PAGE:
Quotative be like in American English
Ephemeral or here to stay?
This article investigates quotative use in American English in apparent and real time. The use of quotative be like, go and say in a corpus of conversation in American English dating 2004 / 2005 is compared with use in a similar corpus dating 1995 / 1996 (Barbieri 2007). Findings show that in present-day American English be like is the favorite choice for all speakers below age 40, and is extremely popular among young teenagers. The real time comparison reveals that speakers who in the mid-1990s were in their teens to mid-20s have not only maintained, but considerably increased use of be like over time; women aged 27–40 have also maintained use of be like over time. Such findings provide evidence of generational change, as well as of “lifespan change” (Sankoff 2005). Overall, the present findings indicate that be like is a true case of change in progress — a change still led by women; however they do not point to one particular type of change, suggesting that generational and communal change may operate simultaneously in the advancement of change.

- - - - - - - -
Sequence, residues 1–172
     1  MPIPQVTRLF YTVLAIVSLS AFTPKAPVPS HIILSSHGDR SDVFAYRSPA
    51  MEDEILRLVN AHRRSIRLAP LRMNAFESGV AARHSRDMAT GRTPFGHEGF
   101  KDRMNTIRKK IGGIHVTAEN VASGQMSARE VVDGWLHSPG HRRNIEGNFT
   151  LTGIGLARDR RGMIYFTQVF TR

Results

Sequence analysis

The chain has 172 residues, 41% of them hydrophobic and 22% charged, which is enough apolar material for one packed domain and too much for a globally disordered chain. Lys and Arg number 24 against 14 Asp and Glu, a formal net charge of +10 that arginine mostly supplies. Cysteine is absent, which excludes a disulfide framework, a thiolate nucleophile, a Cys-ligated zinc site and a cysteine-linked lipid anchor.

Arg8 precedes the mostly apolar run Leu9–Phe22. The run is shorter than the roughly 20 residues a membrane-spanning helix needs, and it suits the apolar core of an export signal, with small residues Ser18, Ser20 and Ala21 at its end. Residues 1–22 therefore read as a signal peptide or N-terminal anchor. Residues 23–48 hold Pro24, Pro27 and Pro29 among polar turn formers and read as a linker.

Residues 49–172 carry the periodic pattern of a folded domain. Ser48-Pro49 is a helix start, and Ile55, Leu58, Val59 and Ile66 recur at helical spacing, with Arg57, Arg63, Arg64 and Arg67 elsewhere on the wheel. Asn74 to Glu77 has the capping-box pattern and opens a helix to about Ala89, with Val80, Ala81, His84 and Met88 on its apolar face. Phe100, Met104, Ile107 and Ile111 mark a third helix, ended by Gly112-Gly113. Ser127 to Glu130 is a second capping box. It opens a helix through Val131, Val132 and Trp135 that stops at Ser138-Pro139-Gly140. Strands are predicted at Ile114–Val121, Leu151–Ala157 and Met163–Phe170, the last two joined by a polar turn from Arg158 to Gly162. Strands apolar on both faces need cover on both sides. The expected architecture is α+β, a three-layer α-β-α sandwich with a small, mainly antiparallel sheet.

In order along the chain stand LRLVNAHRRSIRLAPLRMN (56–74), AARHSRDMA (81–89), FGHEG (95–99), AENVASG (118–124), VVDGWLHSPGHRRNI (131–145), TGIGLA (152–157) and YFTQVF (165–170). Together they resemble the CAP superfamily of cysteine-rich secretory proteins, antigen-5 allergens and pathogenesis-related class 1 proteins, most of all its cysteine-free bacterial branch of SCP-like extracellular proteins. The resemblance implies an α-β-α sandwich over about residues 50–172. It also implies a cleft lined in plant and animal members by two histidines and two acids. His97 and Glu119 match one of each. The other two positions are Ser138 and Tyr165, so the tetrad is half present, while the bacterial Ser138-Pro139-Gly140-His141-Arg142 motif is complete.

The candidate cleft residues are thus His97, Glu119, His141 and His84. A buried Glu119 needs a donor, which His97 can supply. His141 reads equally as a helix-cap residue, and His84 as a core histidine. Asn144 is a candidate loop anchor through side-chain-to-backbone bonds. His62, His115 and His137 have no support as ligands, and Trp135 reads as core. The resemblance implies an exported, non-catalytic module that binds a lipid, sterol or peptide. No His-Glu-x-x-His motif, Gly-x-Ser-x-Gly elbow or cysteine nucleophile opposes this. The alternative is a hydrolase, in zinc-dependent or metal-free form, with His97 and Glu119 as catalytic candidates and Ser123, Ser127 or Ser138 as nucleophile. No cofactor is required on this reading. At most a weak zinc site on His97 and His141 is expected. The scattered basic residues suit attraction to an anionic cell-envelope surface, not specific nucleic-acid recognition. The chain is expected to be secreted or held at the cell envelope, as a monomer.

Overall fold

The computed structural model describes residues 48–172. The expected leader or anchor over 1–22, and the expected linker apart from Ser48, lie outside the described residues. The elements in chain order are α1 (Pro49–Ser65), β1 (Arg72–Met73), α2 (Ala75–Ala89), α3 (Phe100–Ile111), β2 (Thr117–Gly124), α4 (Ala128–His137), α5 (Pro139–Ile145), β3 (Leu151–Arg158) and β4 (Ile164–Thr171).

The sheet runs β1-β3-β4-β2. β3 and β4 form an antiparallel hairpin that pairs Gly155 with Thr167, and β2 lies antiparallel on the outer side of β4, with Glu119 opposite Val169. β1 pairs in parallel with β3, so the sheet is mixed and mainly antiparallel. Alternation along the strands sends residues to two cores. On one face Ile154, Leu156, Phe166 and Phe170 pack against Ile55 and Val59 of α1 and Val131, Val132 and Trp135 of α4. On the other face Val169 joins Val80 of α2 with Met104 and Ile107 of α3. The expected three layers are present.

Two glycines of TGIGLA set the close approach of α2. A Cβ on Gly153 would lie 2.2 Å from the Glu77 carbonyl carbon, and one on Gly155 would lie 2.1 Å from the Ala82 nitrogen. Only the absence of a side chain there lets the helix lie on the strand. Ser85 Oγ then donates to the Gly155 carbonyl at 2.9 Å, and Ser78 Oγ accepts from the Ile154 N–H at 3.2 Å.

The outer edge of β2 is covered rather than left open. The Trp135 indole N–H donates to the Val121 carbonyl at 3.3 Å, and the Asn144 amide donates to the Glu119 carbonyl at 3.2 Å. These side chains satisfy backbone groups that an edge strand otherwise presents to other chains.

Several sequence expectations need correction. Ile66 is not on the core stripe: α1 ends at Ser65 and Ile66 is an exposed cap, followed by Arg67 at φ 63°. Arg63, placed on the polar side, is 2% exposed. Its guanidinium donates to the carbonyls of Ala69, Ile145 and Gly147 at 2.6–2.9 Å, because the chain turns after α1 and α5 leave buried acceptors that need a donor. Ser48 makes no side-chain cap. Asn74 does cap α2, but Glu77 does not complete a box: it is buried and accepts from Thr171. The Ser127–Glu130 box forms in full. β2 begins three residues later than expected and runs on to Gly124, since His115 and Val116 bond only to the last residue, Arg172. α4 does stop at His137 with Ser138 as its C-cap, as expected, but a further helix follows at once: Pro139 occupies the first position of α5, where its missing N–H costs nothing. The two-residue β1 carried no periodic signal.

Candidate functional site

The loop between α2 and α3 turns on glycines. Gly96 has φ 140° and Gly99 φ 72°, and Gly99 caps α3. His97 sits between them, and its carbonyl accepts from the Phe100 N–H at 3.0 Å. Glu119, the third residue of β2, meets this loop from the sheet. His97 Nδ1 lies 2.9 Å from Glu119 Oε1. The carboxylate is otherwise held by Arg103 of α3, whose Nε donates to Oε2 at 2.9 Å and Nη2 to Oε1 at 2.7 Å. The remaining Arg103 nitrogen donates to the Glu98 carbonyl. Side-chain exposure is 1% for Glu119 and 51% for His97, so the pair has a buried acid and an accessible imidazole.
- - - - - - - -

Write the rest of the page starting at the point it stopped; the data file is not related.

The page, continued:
Keywords: change in progress, American English, lifespan change, real time, be like, quotatives, age, sex
Published online: 20 February 2009
Cited by 11 other publications
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